CISA Research Highlights

Integrated Optimization and Prediction based on Adaptive Dynamic Programming (ADP) for Machine Intelligence: This research aims to advance the understanding, principles, and applications of a new learning framework that integrates optimization and prediction capabilities based on adaptive dynamic programming (ADP). Understanding brain intelligence is still one of the greatest unsolved scientific challenges. Among the many efforts toward reaching this goal, optimization and prediction are the two essential objectives. The key question is how to develop general-purpose models and algorithms that can adaptively learn and accumulate knowledge, make predictions in an uncertain and unstructured environment, and adjust actions to maximize some kind of utility function over time to achieve goals (goal-oriented behaviors). This research will advance the fundamental scientific foundations of brain-like, general-purpose intelligence and develop innovative ADP-based techniques to bring such a level of intelligence closer to reality across a wide range of critical applications, such as smart grid control, cognitive radio networks, robotics, and sensor networks. This research is funded by National Science Foundation (NSF).

Intelligent Power Grid Control, Optimization, and Learning: With the continuous significant increase of energy demand and environment issues, the development of a smart electric power grid has become a critical research topic worldwide. Among many efforts toward this objective, computational intelligence (CI) research could provide key technical innovations to help the society to accomplish the essential energy objective. We have been focused on a few aspects of the intelligent energy and power systems, including: (1) Development of adaptive and intelligent control and optimization methods for power grid based on adaptive dynamic programming (ADP), particle swarm optimization (PSO), and other CI techniques; (2) Grid-connected renewable energy systems with a focus on wind energy systems, such as DFIG wind farm control, HVDC transmission, and FACTS control; (3) Agent-based learning, optimization, and prediction for power grid, and (4) power grid data analysis and signal processing, such as power quality, smart grid communications, load prediction, and wind profile analysis.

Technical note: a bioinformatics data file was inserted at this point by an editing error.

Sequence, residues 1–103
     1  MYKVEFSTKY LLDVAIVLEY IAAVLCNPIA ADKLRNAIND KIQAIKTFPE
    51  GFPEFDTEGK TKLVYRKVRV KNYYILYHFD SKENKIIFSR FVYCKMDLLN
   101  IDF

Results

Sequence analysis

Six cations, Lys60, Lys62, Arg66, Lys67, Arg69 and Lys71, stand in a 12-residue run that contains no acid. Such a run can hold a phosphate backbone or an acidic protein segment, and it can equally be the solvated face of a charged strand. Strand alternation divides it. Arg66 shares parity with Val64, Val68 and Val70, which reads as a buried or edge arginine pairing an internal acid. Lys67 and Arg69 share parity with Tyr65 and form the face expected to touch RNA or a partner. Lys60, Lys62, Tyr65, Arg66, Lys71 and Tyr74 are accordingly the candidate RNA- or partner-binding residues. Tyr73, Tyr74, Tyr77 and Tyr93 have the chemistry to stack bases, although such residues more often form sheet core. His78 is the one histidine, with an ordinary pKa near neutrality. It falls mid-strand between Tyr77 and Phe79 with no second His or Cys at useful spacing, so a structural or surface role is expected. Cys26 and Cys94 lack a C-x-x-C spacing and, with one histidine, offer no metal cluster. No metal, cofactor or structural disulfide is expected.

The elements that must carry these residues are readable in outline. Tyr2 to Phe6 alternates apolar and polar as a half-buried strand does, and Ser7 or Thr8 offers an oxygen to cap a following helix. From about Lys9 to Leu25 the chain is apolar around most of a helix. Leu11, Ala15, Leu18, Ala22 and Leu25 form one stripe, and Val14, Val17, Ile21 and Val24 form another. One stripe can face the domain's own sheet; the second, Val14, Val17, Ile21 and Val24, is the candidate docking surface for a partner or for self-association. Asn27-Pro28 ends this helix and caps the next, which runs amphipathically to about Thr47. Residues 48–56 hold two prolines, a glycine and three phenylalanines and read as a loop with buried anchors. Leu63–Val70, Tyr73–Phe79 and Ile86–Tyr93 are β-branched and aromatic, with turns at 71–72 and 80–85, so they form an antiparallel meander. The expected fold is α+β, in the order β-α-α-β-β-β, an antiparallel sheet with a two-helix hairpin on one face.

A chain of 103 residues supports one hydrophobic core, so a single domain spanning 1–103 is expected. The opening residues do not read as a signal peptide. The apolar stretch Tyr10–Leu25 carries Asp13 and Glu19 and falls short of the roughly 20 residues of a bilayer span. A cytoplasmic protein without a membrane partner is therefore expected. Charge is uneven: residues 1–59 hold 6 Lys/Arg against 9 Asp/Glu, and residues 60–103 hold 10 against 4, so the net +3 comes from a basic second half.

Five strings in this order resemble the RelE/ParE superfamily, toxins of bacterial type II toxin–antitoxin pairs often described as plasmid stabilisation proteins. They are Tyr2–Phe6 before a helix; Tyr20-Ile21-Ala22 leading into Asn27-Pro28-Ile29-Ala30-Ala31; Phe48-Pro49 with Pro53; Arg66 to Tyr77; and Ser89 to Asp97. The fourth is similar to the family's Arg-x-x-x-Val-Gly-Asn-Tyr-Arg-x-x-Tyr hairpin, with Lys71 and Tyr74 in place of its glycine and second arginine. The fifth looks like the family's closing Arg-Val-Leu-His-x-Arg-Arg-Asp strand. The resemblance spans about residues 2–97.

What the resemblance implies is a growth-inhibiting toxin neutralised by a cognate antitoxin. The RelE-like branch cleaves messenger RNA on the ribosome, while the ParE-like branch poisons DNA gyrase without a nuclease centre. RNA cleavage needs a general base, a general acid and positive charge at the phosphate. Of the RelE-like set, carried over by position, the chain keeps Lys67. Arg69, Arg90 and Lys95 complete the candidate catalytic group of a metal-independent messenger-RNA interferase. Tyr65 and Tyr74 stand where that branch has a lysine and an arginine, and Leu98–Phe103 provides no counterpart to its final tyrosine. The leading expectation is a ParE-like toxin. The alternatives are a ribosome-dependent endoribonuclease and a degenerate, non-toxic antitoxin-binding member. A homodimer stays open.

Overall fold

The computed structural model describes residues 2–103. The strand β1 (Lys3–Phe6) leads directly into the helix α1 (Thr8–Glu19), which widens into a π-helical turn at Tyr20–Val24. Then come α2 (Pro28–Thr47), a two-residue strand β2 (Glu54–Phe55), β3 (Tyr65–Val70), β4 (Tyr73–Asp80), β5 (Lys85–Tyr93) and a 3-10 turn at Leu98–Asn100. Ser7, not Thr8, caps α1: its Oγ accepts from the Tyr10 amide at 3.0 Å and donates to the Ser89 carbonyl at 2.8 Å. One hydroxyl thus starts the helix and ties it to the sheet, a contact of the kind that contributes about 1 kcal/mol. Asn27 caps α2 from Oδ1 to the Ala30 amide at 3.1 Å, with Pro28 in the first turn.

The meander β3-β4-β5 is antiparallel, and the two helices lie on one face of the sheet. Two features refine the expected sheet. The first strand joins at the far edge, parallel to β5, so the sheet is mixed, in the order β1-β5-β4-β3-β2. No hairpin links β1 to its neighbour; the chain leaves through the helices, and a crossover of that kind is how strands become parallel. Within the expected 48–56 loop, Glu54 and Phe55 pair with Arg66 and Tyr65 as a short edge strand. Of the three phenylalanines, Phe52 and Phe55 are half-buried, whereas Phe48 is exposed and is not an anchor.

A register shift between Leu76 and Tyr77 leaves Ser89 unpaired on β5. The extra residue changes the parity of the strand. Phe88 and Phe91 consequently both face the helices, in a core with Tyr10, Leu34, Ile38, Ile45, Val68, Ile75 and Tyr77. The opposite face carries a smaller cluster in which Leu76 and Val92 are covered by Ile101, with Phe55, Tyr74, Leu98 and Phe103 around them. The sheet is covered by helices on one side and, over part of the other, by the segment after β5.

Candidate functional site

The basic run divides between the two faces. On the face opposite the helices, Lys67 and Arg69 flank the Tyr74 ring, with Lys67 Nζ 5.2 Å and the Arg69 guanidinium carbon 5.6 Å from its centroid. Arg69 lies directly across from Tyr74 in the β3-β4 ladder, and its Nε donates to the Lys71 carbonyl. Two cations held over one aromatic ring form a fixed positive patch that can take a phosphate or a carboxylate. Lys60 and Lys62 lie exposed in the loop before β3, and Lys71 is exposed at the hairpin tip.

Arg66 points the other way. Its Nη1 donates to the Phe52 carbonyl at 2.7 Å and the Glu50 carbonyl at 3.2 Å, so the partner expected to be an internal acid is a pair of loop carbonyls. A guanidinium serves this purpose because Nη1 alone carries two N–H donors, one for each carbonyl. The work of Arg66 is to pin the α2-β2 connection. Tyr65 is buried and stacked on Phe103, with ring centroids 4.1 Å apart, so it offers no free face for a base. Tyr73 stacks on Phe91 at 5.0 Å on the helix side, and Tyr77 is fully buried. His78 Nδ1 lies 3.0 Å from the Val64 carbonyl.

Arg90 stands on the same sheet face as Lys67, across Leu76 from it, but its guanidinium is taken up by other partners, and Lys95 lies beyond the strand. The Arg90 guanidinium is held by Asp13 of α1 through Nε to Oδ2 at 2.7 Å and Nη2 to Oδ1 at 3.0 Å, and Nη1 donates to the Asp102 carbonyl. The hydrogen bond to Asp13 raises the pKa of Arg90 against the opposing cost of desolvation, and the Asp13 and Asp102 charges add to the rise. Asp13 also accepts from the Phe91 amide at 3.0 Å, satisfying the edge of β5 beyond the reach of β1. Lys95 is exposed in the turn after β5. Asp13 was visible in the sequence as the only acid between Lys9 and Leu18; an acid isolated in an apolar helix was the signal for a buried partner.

Smart Grid Security: The security and reliability of electric power grid have drawn significantly increasing attentions from academy, industry, and government after several large-scale blackouts (e.g., North American blackout in 2003, South American blackout in 2009, and the India blackout in 2012) and cyber penetrations of the U.S. grid. The objective of this research is to advance methods of vulnerability analysis and to develop innovative responses to maintain the integrity of power grids under complex attacks (both cyber attacks and physical failures). Unlike many of the existing efforts that focuses on abstract topological structure or load-based analysis, we consider both network topology and intrinsic power flow characteristics to understand system behavior in complex power grid attacks. As power and energy systems have become one of the key technology and economic development focuses across the world, this research will have far-reaching impacts at different levels: enhancing national power system security, providing technical support to government agencies and policy-makers for the U.S. energy sustainability objective, and student education and workforce preparation in this field. This research is funded by National Science Foundation (NSF).